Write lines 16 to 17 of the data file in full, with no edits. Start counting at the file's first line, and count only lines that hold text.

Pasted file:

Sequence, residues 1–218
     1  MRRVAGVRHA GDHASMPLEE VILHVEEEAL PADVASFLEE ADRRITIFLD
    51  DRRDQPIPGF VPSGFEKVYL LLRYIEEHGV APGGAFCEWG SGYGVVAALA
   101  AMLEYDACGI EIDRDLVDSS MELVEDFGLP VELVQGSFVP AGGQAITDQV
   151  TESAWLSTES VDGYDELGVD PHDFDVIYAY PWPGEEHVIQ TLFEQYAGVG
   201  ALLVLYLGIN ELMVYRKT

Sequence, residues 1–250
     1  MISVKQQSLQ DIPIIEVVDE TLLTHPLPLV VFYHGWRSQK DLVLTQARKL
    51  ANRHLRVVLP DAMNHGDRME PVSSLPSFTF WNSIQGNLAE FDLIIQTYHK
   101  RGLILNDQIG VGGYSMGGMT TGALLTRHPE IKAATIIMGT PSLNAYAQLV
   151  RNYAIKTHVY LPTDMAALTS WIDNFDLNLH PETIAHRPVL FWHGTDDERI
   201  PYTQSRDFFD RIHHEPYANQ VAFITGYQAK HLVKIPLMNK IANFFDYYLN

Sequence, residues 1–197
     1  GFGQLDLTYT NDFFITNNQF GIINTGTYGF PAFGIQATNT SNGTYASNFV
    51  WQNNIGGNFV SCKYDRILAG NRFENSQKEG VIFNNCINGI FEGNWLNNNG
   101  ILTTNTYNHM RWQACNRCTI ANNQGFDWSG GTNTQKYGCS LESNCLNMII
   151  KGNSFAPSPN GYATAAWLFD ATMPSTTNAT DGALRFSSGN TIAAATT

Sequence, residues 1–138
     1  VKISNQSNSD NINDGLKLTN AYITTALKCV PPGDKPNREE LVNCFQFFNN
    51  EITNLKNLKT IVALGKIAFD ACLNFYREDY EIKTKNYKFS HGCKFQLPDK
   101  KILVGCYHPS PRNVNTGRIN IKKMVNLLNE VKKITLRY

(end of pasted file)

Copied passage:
   101  ILTTNTYNHM RWQACNRCTI ANNQGFDWSG GTNTQKYGCS LESNCLNMII
   151  KGNSFAPSPN GYATAAWLFD ATMPSTTNAT DGALRFSSGN TIAAATT